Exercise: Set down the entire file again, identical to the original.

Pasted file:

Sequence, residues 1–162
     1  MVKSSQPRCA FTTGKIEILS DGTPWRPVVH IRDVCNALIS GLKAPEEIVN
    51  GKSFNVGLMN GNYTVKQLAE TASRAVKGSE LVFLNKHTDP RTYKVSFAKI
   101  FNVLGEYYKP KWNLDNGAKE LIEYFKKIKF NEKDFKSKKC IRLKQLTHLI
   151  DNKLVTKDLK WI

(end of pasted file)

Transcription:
Sequence, residues 1–162
     1  MVKSSQPRCA FTTGKIEILS DGTPWRPVVH IRDVCNALIS GLKAPEEIVN
    51  GKSFNVGLMN GNYTVKQLAE TASRAVKGSE LVFLNKHTDP RTYKVSFAKI
   101  FNVLGEYYKP KWNLDNGAKE LIEYFKKIKF NEKDFKSKKC IRLKQLTHLI
   151  DNKLVTKDLK WI